Small Talk / Toys

Crack the Code

Little Orphan Annie Secret Decoder Pin

Decades before Saturday morning cartoons or video games, kids and families would gather around the radio to listen to dramatically narrated stories, called serials. One of the popular serials of the 1930s followed the adventures of Orphan Annie and her dog Sandy. Even back then, no popular children’s program was without its share of branded merchandise and premium toys. The classic 1983 movie A Christmas Story depicted the main character Ralphie impatiently waiting to receive his Little Orphan Annie Secret Society decoder pin in the mail.

This 1938 edition of the Telematic Radio Orphan Annie Pin has two holes that reveal corresponding numbers and letters on a dial. The codes read during the end of the radio program could be deciphered by turning the dial to reveal the secret letter. Contrary to the disappointing Ovaltine message received by Ralphie in the movie, the actual codes gave a clue to what would happen in the next Radio Orphan Annie program. Visitors to the museum’s “Toys from the Attic: Stories of American Childhood” exhibit can view this pin along and decipher a message of their own (and we promise it’s not a crummy commercial)!

Reporting for Duty

g.i. joe action figures

In 1964, Hasbro, Inc. introduced G.I. Joe: America’s Movable Fighting Man. Reportedly, Hasbro designers borrowed guns and rifles from the National Guard and even asked generals for top-secret materials in order to get all the details right! The company originally created three prototypes of their fighting man: Rocky the marine, Skip the sailor (not to be confused with Barbie’s sister Skipper), and Ace the pilot. Later, they settled on the universal name of G.I. Joe. The G.I. stands for “Government Issue,” a generic term for U.S. soldiers.

Joe premiered with a version for each branch of the U.S. Armed Forces: Action Soldier, Action Sailor, Action Pilot, and Action Marine. A very lucky little boy once owned T/m’s 1964 Action Sailor #7600 and many of the uniforms, weapons, and equipment (check them all out on T/m’s website). All of the accessories were interchangeable, which may explain why our Joe is photographed in the last outfit his owner dressed him in: Action Marine uniform #7710.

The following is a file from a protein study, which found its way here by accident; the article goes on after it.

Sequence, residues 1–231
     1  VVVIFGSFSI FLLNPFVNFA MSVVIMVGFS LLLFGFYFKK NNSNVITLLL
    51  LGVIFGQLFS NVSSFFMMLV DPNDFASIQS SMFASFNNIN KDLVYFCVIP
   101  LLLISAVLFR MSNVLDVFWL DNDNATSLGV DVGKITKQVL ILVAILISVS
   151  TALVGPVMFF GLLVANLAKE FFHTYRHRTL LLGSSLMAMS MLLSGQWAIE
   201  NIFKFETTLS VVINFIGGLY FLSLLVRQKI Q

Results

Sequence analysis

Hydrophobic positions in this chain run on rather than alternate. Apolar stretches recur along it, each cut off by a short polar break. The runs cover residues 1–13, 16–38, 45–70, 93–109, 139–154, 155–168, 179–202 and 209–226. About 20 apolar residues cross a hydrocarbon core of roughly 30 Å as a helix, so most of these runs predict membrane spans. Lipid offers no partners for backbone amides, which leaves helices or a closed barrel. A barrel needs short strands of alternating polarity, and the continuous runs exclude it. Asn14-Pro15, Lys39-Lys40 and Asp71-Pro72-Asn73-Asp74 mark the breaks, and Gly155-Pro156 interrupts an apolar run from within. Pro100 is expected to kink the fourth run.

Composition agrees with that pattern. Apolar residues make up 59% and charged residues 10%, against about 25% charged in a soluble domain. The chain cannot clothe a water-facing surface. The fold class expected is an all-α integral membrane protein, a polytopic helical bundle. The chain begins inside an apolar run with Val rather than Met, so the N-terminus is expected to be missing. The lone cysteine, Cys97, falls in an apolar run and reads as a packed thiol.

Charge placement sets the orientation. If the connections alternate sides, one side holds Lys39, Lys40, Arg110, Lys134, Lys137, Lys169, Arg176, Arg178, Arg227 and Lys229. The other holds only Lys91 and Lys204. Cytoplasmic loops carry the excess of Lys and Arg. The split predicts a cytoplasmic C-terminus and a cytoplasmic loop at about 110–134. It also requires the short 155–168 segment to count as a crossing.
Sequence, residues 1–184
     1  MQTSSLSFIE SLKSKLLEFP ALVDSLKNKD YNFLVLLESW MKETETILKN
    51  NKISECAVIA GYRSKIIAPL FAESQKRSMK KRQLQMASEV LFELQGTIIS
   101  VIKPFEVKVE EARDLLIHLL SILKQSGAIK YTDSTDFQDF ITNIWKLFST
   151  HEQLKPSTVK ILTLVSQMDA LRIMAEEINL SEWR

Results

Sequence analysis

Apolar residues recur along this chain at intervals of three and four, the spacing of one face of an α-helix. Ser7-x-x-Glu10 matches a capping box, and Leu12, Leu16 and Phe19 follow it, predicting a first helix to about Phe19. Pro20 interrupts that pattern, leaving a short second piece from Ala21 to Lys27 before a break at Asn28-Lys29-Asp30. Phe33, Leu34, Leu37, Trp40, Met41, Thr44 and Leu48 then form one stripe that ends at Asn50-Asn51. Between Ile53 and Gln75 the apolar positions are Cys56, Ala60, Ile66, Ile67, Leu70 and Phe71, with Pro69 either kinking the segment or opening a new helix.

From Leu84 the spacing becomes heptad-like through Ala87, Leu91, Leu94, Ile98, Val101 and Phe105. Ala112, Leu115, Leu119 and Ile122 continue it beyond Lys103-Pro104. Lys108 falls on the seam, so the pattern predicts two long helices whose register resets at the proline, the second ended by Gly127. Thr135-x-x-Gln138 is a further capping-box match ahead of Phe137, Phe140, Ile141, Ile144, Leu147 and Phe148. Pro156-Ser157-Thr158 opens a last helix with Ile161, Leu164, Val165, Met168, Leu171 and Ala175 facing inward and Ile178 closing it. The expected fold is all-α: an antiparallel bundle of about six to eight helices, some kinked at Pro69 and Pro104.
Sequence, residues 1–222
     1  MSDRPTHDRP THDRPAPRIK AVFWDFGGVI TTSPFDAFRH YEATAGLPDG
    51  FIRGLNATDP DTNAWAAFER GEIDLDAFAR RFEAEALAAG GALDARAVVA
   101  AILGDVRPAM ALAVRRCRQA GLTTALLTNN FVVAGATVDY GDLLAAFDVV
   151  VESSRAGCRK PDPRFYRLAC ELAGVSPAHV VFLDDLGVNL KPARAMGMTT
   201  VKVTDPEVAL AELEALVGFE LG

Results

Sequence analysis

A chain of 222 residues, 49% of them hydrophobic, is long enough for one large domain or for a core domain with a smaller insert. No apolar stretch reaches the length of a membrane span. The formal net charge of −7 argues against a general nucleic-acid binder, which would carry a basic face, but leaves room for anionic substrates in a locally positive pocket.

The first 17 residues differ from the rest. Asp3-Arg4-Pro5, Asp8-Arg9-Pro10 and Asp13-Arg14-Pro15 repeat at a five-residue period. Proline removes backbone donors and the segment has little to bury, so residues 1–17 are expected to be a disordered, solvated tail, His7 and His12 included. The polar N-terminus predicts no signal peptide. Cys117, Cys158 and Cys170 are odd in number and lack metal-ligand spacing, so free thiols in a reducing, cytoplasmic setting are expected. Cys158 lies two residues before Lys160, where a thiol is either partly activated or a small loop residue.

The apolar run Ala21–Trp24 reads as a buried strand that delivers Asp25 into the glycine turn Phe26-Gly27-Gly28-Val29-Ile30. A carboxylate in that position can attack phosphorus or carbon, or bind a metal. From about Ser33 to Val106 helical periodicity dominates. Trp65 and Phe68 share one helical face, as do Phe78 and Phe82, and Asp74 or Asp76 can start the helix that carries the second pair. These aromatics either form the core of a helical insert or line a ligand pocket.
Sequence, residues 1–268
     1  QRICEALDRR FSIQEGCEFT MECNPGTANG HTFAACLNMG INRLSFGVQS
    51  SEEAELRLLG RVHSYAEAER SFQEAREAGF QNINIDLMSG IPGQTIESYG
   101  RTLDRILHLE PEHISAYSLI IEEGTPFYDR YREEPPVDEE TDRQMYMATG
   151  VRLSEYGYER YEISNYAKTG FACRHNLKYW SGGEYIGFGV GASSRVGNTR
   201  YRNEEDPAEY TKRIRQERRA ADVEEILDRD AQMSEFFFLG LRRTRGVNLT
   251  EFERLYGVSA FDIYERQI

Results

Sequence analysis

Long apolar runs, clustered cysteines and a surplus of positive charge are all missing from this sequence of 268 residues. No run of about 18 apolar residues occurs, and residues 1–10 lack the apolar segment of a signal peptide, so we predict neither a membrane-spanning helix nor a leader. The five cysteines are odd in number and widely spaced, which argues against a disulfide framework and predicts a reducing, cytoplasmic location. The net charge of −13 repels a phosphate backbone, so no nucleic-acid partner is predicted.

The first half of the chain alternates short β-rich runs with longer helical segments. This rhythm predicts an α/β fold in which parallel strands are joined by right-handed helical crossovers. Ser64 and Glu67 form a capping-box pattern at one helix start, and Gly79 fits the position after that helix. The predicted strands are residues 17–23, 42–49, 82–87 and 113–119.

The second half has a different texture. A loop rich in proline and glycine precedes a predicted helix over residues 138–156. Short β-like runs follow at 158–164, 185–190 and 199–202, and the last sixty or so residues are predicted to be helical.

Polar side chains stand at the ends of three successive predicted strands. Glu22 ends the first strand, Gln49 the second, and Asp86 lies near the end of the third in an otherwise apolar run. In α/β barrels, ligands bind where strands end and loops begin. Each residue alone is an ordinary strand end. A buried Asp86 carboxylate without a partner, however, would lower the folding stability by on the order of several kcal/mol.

Give a Hoot, Save Your Loot!

cast iron banks

While a piggy may be the most recognizable type of bank, cast iron banks in all shapes and figures were favored in the 19th century. Mechanical banks made the act of saving fun! These banks deposited coins by some sort of mechanical process… think humans or animals kicking, jumping, dancing, or doing handstands!

Mechanical banks were first manufactured in the late 1800s as the Industrial Revolution created a middle class that heralded the importance of earning and saving money combined with tinkerers of the Victorian Era experimenting with springs and windup devices. J.H. Bowen patented this toy “money box” in 1880. The financially savvy would place a coin on the branch. When a lever on the back of the bank is pressed, the owl’s head rotates and the coin gets deposited inside.

The Girl Behind the Bonnet

sunbonnet sue images

This nine-piece Sunbonnet Sue Tea Set is one of the most colorfully illustrated children’s tea set in our collection. Who exactly is Sunbonnet Sue? With a face shrouded in mystery (ok, well, a sunbonnet anyway), Sunbonnet Sue was a popular illustration in the late 19th and early 20th century. She appeared on children’s school primers, china, and became a popular quilt block design.

The tea set here was made by Royal Bayreuth in Bavaria around 1905. The Sunbonnet Sue images were applied to the porcelain using a transfer technique and a secondary gold leaf pattern was added on top. Royal Bayreuth still continues to make porcelain today, and many of their antique pieces are highly collectible.

What’s Cookin’?

Eagle Toy Stove

Hubley Manufacturing Company was founded by John E. Hubley, a bank teller who began making toys for his children in the basement of his Philadelphia home. The company was ranked among the most productive cast-iron toy manufacturers in the United States in the early 20th century. Some Hubley toys featured the brand names of American companies: Ford cars and trucks, Harley-Davidson motorcycles, Maytag washers, and this Eagle stove.

The Hubley line of Eagle toy stoves offered more sizes and types of ranges than any other line on the market at the time. T/m’s version has an ornate backpiece, warming oven, detachable shelf, six burners, and a key to help lift the burner covers. Let’s get cookin’!

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